More interesting to me was what was obvious but never stated: the disregard of the principle of unity of  command through the creation of the Principal Federal Official position. Brown makes little mention of the roles played by the various Federal Coordinating Officers and places himself at the center of all decision making. Yet it is the refusal of the various agencies and task forces to work through the Joint Field Offices that created much of the confusion in Katrina, a situation caused by uncertainty over who was in charge.

________________ ____________________________

Interested in more books on emergency management and related topics?

Emergency Management: Concepts and Strategies for Effective Programs
by Lucien G. Canton

Classroom Classics

  • 50% of adults are unable to read a book written for an eighth grader.
  • 44% of American adults don't read one book in a year.
  • 6 out of 10 households don't buy a single book in a year.
What does this mean to you?
  • Low literacy rates in the United States directly costs the healthcare industry over $70 million every year.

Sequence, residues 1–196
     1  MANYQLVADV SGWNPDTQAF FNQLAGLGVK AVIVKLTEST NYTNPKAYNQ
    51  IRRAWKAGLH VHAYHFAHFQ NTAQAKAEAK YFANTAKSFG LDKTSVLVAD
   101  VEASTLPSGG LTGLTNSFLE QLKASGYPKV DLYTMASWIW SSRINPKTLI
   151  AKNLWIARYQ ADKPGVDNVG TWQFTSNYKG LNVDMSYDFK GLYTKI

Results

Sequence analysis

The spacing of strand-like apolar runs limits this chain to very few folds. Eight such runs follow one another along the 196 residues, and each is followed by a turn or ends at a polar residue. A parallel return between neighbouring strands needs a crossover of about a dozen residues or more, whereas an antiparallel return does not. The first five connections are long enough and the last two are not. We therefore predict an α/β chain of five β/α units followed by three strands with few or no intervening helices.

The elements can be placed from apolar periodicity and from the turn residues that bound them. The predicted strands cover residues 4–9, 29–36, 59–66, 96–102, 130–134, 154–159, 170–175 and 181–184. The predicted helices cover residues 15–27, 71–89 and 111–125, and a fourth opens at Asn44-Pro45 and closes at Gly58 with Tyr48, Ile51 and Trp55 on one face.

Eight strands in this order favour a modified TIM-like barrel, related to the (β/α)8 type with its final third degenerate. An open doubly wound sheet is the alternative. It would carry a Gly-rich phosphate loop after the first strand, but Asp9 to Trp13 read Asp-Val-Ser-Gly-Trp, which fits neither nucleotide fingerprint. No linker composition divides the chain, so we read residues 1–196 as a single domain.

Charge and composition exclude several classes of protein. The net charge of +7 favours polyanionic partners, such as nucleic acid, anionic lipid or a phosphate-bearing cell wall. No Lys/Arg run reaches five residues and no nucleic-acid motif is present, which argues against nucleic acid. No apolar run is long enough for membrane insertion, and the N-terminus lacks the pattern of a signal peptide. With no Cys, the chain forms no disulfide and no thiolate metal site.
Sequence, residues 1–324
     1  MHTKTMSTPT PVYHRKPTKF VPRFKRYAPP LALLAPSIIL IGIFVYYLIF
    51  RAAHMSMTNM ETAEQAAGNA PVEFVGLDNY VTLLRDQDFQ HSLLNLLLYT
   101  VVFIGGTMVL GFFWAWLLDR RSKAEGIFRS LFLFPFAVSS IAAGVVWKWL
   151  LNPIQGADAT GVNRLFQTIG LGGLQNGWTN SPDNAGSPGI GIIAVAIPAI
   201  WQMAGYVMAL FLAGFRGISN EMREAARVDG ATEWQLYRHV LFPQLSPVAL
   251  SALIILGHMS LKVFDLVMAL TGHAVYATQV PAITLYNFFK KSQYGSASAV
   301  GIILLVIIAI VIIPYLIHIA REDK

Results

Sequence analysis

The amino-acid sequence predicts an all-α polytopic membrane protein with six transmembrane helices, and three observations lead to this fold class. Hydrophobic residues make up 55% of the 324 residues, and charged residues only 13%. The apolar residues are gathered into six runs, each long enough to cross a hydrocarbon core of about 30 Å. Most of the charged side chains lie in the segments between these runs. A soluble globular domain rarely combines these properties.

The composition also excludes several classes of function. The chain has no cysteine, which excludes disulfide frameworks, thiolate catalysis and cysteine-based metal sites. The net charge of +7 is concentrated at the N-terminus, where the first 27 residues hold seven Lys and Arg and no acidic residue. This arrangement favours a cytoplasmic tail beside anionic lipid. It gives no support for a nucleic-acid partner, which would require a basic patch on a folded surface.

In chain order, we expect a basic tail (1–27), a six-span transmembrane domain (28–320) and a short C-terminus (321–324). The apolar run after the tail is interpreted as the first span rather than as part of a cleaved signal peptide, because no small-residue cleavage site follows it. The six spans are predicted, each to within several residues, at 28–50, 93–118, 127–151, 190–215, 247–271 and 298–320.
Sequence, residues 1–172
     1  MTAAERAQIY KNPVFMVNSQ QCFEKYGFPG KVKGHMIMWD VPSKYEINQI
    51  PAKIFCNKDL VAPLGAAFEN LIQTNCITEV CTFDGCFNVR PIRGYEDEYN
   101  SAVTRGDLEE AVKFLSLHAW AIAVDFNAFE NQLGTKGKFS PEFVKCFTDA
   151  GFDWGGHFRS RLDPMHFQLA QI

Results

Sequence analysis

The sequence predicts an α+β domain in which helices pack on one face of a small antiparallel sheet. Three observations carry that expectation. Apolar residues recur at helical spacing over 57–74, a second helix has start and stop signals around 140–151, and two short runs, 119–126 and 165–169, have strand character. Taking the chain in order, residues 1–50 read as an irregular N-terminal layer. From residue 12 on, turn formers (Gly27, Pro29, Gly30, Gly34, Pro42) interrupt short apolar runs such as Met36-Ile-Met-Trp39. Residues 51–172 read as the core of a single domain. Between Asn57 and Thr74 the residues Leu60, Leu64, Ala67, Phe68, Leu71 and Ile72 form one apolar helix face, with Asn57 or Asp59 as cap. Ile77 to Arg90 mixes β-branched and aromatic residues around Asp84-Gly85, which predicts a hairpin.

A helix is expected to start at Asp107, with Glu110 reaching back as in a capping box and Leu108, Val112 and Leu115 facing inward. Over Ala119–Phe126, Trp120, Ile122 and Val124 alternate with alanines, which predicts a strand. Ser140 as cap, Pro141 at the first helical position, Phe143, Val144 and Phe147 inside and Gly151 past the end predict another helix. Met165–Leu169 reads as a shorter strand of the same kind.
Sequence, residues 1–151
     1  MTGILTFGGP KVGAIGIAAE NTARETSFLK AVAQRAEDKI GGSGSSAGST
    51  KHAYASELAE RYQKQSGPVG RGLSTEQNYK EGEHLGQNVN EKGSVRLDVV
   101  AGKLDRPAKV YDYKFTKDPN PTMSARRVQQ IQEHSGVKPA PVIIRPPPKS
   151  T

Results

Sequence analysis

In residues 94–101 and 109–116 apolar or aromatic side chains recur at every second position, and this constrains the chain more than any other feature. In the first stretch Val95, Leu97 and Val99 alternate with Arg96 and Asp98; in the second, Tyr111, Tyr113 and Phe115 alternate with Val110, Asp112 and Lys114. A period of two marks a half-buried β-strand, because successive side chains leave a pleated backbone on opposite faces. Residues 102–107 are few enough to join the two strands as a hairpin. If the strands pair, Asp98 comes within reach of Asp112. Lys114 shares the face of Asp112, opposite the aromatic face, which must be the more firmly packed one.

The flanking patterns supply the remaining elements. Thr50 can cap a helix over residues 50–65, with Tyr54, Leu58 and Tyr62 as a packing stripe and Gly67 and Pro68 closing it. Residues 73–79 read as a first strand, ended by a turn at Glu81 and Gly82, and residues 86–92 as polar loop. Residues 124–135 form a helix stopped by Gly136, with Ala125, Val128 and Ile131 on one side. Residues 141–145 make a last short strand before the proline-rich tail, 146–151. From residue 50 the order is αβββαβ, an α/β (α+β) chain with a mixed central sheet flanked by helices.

• 46% to 51% of American adults have an income well below the poverty level because of their inability to read
  • 75% of Americans receiving food stamps perform at the lowest 2 levels of literacy.
  • 90% of high school dropouts are on welfare.
We at Red Pill Publishing believe in the power of books to change lives. As a 501(c)3, we provide programs and services to help both the reader and the writer succeed.
Our program, Classroom Classics, aims to provide 100 US classrooms in need with classic literature books for each student. We want every student to have the opportunity to engage with the stories on a personal level by having access to their own copy.
Your generous donation will help cover the cost of production and shipping to schools in need. Help us inspire thoughtful readers who could become tomorrow's leaders.
Speaker's Corner

Need a speaker for your next conference? I offer keynotes, seminars and workshops.
Why Should You Choose Me As Your Speaker?
Three Reasons Why I'm the Right Speaker for Your Conference 
You can find more details and sample videos on my website or on my SpeakerMatch page.   
Speaking Engagements 

Stop Living in Fear! Keeping your sanity in an uncertain world
November 10, 2016
Burlingame, CA
Burlingame Lions Club

Increased Officer Safety through Technology
November 15, 2016

©Lucien G. Canton 2016. All rights reserved.


You may reprint and excerpt this newsletter provided that you include my copyright, the source,
the author, and "reprinted with permission."

ISSN: 2334-590X